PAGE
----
- Posted by Sandra Evans
- On 11. September 2016
On Tuesday, May 10th, twenty-six BWC members met for our monthly treat of a delicious meal followed by an interesting talk. This time our speaker was club member, Charlotte W. Charlotte, who was born in Africa, but left as a small child, decided to return after having given up a high-powered job with Mont Blanc to test where her roots lie by taking up a job as a Bush Camp Manager in Zambia. During her talk she shared her memories and many anecdotes about life in Zambia during this period.
South Luangwa‘s National Park was founded in 1938 and became a National Park in 1972. The park covers 9,050 km² with over 40 kinds of different animal species including lion, leopard, buffalo, elephant and Thornicroft giraffe – unique to the Luangwa valley – as well as the highest density of hippos and crocodiles in the river. And with over 400 species of birds, South Luangwa is a birdwatchers paradise. Even the elephants visited the camp!
Norman Carr established Luangwa’s first safari camp in 1950. Back in the days when an African safari was a hunting experience, Norman developed the pioneering idea of taking people to look at animals and photograph them rather than to shoot them.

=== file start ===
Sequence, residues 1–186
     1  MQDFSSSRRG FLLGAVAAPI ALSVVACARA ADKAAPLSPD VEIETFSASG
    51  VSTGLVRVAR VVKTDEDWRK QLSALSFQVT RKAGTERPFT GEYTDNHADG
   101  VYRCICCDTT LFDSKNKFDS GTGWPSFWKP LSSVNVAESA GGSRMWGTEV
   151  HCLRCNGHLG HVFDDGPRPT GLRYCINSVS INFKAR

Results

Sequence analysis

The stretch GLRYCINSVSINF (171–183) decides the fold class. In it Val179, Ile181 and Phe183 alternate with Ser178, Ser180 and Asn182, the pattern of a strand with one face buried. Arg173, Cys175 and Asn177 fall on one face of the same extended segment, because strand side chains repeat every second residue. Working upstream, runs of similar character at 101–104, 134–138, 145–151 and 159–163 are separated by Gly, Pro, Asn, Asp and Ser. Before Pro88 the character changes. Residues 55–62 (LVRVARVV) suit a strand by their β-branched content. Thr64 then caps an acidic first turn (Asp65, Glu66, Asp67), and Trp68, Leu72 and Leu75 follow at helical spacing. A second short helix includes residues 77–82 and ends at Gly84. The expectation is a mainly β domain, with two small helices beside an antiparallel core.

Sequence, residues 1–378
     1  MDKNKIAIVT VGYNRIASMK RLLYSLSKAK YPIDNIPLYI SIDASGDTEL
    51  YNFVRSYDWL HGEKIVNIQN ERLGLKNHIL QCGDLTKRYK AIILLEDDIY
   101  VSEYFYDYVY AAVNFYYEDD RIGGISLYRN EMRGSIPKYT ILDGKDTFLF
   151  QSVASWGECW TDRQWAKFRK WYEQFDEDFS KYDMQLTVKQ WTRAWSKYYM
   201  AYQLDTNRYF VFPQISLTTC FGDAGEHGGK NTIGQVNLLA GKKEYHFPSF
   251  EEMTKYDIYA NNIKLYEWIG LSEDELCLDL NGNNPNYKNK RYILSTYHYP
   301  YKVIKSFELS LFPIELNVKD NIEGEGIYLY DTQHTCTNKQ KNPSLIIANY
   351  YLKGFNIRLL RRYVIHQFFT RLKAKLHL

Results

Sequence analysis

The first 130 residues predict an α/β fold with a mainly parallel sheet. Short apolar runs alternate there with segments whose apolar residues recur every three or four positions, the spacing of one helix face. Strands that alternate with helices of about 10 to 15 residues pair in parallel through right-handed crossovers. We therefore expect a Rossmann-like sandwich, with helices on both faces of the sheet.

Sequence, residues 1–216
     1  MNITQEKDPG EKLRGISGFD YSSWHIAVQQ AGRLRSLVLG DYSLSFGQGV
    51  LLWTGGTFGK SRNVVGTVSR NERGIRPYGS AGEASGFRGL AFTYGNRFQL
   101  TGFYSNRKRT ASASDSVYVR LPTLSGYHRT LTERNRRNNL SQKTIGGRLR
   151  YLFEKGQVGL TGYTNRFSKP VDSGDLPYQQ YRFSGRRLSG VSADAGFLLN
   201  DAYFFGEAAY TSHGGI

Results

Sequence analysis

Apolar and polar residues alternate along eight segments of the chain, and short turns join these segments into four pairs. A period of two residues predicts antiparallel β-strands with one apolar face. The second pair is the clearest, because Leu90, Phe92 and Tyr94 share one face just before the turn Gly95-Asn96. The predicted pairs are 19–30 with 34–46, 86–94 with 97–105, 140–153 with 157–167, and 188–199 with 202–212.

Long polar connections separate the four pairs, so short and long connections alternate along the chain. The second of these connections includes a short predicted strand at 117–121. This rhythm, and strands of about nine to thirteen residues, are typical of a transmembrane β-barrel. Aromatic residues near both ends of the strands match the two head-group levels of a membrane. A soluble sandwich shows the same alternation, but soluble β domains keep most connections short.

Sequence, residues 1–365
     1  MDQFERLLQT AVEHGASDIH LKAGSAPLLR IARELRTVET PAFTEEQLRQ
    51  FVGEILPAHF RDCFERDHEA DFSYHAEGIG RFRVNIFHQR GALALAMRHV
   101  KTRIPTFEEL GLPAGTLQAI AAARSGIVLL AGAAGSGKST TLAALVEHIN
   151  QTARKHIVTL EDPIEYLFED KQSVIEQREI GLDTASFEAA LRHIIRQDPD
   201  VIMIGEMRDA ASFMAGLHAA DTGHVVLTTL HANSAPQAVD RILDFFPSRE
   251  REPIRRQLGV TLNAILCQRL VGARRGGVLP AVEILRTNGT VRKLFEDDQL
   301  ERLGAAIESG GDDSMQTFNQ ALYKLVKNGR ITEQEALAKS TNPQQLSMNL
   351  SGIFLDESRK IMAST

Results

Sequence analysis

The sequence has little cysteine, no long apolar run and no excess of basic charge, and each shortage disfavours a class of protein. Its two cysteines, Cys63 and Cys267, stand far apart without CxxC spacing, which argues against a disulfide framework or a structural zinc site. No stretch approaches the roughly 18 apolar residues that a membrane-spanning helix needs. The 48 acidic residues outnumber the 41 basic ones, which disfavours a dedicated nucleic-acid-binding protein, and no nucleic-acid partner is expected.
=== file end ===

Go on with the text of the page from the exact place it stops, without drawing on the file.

The first safari camp was set up in partnership with the then Paramount Chief Nsefu and his people. This idea of involving the local people in the management of the wildlife was way ahead of its time. It was almost 50 years later that conservationists started developing the principles of „Community Based Natural Resource Management“, in other words encouraging the traditional owners of the natural resource to take responsibility for its usage. Norman Carr’s pioneering approach proved to be the forerunner to a cornerstone of modern day conservation policy.
The first 35 years of the company saw Norman set up and establish a number of safari camps across the Luangwa Valley, some of which are still in existence – Nsefu, Lion Camp, Chibembe and Chinzombo to name a few.
Throughout its history, the NCS has always innovated; the first community based tourism, the first camps, the first walking safaris, the first community projects, the first luxury bush camps, the first all Zambian expert guiding team, the first Zambian female guide, the first majority Zambian Operations Board – the list of firsts is long! They are proud to continue this tradition and will continue to lead the way in innovation, the use of new ‘green’ technology, staff training and development and community involvement. For Norman Carr Safaris, it has always been and continues to be all about CONSERVATION THROUGH TOURISM.
Mchenja has five tented chalets each costing $1,000 per person per night.
Charlotte explained that the safaris are a great way to discover South Luangwa’s untouched wilderness.
Early each morning the guests are treated to porridge and toast prepared and eaten by the camp fire before leaving for a morning game drive where excellent photographic opportunities are provided to watch birds riding on the backs of hippos, zebra and impala running through the dust.
The team did there best to ensure the guests got the best experience possible.
May 2016, Carol H-M